Rowdy Roman chariot-race fans wore them in imitation of the fearsome Huns. And Ben Franklin used his to send a revolutionary message to the French.
The men were buried at right angles to each other, forming a T-shape, with their hacked-off limbs laid by their shoulders.
From the Gauls to Charles V to the Nazis, multiple assailants have set their sights on Rome over the centuries. But each time, Rome rose again.
Scientists say wounds found on the heel of a man buried some 2,000 years ago in northern Italy suggest he had been nailed to a wooden cross.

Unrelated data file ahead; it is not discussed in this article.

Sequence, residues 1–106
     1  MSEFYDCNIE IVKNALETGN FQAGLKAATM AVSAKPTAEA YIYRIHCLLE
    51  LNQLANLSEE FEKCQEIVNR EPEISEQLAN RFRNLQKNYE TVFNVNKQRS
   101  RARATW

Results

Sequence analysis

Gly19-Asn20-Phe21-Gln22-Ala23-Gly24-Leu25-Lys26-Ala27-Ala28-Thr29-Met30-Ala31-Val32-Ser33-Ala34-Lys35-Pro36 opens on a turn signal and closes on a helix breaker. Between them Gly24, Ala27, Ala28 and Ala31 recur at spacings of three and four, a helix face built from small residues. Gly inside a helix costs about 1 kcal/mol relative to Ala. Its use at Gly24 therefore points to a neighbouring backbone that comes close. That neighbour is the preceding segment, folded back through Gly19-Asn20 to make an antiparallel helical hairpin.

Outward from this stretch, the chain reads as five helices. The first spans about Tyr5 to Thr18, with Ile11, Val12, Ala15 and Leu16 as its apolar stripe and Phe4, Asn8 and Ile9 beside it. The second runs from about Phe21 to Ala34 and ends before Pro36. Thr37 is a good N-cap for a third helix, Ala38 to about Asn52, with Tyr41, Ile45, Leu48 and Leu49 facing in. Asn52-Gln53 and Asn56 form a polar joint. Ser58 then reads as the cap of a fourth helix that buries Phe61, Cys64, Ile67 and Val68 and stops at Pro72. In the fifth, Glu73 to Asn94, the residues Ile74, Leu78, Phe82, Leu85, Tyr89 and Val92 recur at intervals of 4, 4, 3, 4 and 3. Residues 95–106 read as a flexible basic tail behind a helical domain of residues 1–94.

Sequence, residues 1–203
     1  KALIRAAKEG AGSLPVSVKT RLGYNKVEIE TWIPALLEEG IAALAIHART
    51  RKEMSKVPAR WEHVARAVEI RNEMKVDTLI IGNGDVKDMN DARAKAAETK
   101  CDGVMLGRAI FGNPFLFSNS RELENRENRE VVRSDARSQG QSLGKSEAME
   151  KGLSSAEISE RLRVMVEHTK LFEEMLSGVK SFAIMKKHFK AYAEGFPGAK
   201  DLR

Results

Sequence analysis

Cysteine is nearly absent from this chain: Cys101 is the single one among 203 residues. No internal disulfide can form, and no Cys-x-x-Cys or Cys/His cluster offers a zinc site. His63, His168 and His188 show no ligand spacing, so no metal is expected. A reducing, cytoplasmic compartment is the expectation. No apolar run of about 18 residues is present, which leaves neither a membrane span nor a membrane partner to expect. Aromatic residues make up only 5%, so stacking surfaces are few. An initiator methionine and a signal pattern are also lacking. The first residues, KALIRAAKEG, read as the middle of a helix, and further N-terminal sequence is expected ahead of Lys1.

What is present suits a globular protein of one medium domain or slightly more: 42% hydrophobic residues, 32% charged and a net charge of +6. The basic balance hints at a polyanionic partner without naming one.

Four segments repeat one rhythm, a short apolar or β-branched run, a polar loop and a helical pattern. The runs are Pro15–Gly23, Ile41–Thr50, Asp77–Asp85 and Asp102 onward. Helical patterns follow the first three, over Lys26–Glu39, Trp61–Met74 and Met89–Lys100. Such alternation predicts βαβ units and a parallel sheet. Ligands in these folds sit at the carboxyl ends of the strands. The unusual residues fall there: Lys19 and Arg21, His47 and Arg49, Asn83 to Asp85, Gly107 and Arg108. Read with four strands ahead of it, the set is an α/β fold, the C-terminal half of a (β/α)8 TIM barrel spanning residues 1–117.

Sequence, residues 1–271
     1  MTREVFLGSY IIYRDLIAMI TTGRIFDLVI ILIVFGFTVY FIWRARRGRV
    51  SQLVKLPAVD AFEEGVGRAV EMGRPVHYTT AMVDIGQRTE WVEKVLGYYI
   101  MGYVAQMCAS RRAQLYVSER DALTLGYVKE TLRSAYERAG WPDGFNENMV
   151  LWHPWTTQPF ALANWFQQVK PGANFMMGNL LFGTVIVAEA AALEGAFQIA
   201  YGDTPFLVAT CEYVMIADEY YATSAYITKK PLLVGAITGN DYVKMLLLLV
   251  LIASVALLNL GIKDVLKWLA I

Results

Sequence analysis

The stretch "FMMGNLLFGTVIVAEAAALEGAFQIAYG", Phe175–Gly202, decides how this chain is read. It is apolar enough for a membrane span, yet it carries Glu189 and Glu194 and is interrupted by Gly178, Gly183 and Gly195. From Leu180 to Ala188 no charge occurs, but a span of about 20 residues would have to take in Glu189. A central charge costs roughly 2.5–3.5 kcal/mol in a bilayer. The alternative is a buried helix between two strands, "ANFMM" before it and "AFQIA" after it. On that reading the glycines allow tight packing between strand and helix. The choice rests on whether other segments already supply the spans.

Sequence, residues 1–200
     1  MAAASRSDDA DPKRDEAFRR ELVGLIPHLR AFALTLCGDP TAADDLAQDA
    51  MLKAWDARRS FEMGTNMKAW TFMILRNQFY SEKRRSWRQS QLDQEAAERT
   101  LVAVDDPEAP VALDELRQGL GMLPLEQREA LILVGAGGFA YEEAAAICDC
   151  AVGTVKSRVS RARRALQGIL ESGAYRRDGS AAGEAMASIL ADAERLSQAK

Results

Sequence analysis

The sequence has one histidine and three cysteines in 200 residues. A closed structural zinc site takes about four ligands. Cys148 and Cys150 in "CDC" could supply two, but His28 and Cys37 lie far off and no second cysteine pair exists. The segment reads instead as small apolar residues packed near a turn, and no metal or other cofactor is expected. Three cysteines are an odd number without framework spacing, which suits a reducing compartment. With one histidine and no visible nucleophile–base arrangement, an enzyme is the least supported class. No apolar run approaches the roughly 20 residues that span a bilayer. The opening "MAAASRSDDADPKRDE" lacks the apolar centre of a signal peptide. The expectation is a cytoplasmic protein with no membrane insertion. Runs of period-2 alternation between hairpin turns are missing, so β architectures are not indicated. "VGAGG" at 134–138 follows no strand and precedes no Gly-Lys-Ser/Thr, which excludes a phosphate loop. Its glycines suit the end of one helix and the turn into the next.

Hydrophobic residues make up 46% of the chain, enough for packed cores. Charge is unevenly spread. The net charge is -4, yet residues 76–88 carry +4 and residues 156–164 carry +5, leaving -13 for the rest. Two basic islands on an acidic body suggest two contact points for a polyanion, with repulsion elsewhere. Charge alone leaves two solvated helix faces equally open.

These razor-sharp blades inspired fear and fascination and helped change the course of military campaigns.
Hint: It had something to do with miracles.
William Shakespeare might have given Marcus Junius Brutus all the credit, but Caesar's true betrayer was a much closer friend.
Symbols, amulets and other talismans from around the globe.
From ancient Rome to contemporary Paris, the flexing of military muscle is a longstanding tradition.
It’s hard to build any new subway lines without running into Rome’s ancient history.